If I were to lay the tiles in the bathroom above, the first 3 rows from the doorway going into the room, would be full tiles. The photo below gives you a rough idea:

Then, as I lose space to stand in, I am forced to stop and let the tiles dry until the next day. The next day, I would be able to stand on those tiles laid the day before, and complete laying the rest of the tiles towards the back of the room.

In order to lay the tiles all in the same day, you have to lay them incorrectly. In order to achieve the best layout you have to do it over 2 days. Ask yourself this question: which layout would you want in your bathroom?

How can they sleep at night after creating such shoddy work?

Posted on October 18, 2007 at 11:09 PM

 

I was called to inspect a tile job completed recently, in which the homeowner was trying to recover a refund from the original tiling contractor. I was amazed, but not surprised at what I saw (I took pictures, which are shown above). I came to the conclusion that some so-called contractors have no clue about how to lay tile, or maybe they don't care, thinking that the client won't notice. It's unfortunate, but true. But it goes to show how important it is for any homeowner to ask for testimonials, references and actual pictures of work completed. If the contractor fails to show these, then the red flags should immediately go up. Stay away from such folk and you'll save years of heartache.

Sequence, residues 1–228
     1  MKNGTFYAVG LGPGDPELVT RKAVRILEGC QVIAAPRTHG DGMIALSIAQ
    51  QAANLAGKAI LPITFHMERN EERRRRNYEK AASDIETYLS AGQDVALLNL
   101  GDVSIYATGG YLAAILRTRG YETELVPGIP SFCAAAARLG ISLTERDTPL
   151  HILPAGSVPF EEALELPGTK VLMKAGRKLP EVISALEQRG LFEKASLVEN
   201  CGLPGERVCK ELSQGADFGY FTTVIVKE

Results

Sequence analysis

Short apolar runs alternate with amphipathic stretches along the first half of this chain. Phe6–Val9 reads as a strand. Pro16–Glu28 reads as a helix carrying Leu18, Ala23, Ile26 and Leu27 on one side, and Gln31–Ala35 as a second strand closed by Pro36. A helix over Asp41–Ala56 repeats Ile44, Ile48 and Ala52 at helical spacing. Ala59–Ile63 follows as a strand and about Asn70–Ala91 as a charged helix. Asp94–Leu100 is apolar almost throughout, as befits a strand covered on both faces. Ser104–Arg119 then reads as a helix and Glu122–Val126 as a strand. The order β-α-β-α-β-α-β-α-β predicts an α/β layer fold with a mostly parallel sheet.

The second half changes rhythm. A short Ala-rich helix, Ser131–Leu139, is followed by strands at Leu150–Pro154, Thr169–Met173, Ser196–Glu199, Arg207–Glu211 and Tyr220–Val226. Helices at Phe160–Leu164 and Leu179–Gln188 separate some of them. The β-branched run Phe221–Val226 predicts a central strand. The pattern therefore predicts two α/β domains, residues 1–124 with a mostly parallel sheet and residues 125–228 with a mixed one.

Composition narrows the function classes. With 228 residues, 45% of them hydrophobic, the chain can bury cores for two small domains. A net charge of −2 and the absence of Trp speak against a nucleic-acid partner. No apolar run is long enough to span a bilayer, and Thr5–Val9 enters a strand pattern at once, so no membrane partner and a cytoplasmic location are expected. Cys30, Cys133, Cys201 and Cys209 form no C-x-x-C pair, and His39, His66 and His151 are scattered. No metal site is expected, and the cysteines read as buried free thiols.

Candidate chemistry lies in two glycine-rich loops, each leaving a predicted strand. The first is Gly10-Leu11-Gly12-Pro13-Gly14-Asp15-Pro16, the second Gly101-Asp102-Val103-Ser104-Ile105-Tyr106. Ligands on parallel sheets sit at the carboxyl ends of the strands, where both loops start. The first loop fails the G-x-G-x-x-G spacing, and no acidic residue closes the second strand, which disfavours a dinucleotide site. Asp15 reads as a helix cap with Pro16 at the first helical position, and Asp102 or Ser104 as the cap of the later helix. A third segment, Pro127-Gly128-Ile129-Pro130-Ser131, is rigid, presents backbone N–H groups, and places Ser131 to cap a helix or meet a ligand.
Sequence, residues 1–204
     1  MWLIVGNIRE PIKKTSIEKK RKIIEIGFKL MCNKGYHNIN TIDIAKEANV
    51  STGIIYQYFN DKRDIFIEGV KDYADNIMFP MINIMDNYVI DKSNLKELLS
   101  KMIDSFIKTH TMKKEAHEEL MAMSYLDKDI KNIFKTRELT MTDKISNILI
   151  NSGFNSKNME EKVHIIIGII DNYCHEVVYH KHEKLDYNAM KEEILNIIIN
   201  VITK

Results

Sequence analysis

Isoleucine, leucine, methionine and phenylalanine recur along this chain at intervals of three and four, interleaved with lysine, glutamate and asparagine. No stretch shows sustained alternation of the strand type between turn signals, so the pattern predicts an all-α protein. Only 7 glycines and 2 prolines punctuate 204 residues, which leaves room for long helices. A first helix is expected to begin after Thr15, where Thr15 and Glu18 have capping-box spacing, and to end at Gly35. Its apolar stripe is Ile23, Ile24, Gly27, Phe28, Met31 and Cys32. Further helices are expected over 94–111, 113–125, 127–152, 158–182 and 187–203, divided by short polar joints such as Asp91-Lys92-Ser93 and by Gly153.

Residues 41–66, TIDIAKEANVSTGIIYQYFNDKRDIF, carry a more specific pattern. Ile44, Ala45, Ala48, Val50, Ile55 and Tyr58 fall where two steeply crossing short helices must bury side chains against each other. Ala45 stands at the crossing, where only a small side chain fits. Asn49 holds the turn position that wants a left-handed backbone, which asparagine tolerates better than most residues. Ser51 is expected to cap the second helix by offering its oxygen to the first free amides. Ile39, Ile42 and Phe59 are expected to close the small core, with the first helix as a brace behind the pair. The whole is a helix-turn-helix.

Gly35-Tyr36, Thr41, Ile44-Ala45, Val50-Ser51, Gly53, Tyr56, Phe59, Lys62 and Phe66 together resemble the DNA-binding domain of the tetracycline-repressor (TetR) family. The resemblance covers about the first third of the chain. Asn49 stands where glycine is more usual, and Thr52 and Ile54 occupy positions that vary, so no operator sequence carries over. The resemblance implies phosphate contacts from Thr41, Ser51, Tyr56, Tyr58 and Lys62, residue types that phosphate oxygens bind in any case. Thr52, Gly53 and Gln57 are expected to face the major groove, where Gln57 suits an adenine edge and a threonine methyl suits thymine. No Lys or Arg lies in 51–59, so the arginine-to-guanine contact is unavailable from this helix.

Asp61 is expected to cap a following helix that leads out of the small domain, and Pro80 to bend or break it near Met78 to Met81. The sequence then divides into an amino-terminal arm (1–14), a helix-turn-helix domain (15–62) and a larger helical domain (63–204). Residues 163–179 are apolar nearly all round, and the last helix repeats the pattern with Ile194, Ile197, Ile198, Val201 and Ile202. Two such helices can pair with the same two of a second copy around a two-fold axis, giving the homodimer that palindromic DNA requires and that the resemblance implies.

I also recently completed a shower stall in which prior to me laying the tiles, the entire job had to be ripped up not once, but twice by the homebuilder. Twice the tile contractor started the same job and botched it up. I take my hat off to the homebuilder for giving this guy a second chance! But, seriously, who can afford to have tile laid and taken up twice? Better to get the job done right the first time.

Beware of shoddy tile installers -- ask for references, pictures...even ask to inspect recently completed jobs. You'll be glad you did!